I’ve been thinking a lot about what happens to me with friendships. People always say there are different levels of friendship. And I understand that there are. But my mind is like an on and off switch. My issue is that my brain is either emotionally turned off or emotionally turned fully on – there are no in-between stages.
So, anytime I’ve ever had a friend, I am fully into the friendship and end up pushing them away and smothering them. I get excited when someone wants to be my friend and cares about me. With autism, you don’t exactly have friends that care about you often and it’s easy to get excited.
This summer I made a really good friend. A true friendship, but I did the same thing that I always do. It’s either on or off. And for me, on is obsessively focusing on the friendship and the friend. There’s no mildly interested in the friend or just casual. It’s like the world revolves around that friend. I smothered the friend I made this summer.
I think that whenever I make a new friend, they’re able to handle Asperger’s and some clingyness. But there’s a difference between clingy and obsessive.
It’s always painful for me because when they tend to pull away and start needing space it feels like they are rejecting me. Then I try harder to save the friendship and that just makes it worse. Being able to break this cycle will be a huge step for me.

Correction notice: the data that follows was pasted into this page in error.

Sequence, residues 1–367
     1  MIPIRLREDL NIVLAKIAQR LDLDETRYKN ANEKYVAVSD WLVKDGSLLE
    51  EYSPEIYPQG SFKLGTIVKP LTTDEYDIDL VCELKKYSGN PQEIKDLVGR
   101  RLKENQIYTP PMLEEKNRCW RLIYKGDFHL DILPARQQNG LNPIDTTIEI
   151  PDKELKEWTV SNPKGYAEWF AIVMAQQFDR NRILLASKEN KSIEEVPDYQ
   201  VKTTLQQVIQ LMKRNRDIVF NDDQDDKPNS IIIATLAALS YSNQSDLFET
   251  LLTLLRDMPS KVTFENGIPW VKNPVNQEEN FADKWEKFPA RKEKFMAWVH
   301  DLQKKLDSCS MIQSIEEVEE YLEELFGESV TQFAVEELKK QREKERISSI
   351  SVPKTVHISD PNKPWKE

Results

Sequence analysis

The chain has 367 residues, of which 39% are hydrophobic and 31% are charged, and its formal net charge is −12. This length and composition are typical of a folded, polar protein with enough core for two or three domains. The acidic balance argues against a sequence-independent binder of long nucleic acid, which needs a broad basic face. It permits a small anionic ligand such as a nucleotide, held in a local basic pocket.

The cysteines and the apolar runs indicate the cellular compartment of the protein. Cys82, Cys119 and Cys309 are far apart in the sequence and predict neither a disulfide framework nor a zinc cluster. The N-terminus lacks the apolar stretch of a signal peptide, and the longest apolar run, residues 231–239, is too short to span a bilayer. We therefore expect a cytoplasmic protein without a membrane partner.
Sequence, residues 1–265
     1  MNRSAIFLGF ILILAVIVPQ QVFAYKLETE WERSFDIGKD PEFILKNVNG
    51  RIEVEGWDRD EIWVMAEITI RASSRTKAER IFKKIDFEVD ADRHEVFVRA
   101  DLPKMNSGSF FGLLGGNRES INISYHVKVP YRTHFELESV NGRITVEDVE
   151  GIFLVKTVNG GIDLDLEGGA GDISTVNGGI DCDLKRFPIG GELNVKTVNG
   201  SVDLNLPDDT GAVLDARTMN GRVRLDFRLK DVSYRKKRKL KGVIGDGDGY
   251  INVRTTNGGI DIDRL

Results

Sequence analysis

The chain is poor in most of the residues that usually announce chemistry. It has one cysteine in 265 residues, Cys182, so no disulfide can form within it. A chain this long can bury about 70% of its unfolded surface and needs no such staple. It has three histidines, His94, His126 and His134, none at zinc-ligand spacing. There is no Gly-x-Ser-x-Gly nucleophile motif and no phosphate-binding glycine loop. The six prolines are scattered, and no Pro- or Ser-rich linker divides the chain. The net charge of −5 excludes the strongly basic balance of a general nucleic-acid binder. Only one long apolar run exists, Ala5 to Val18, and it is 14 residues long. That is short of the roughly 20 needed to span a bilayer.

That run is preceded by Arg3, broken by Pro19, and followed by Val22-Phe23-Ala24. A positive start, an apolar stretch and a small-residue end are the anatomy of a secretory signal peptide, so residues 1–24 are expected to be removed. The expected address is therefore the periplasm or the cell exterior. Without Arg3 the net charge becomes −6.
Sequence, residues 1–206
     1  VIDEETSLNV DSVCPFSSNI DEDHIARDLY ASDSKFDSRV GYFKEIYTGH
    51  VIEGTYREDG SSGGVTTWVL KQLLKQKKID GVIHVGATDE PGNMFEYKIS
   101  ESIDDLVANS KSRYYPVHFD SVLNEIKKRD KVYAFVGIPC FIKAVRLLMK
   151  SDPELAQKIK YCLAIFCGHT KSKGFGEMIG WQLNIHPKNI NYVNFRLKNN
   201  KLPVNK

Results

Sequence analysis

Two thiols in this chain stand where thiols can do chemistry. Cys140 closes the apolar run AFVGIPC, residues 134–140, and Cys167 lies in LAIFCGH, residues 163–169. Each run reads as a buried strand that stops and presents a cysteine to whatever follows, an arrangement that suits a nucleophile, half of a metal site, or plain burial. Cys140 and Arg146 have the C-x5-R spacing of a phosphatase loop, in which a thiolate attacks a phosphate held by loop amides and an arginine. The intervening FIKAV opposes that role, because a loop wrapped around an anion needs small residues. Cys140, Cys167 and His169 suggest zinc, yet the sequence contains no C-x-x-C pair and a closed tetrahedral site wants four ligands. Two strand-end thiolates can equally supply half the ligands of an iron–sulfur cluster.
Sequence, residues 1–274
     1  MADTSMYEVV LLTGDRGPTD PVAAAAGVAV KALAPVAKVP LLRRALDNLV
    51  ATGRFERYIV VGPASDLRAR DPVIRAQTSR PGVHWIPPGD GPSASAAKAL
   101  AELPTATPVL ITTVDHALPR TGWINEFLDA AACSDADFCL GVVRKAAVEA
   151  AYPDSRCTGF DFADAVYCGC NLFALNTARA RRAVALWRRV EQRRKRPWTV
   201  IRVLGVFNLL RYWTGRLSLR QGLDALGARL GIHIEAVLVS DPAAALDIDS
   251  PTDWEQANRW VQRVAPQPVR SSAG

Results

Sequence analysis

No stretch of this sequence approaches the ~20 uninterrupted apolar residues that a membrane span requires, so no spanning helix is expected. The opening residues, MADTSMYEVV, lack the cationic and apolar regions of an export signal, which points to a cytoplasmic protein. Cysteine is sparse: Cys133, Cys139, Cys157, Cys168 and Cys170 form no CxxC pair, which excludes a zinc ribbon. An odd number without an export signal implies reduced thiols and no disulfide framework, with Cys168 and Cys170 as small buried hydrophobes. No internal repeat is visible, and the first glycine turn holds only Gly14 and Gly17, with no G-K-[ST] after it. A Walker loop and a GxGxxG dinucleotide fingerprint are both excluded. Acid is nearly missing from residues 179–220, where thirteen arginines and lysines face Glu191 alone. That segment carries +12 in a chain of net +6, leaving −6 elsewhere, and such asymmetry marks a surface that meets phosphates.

As hard as it is, Asperger’s isn’t an excuse to smother a friend. It is so easy to put all the blame on the friend and make them feel they’re responsible for you being happy. But a true friendship works both ways. I have to work harder to meet the needs of space for the friend of mine.
I really want help learning how to have the in-between levels of friendship so that I can keep a friend. How can I learn or train my brain how the interaction works with different levels of friendship? I know there’s no magic pill or cure. I’m just hoping that I can learn and not only save my friendship with the friend I made over the summer but also for help with making future friends as well.
- Travis Breeding
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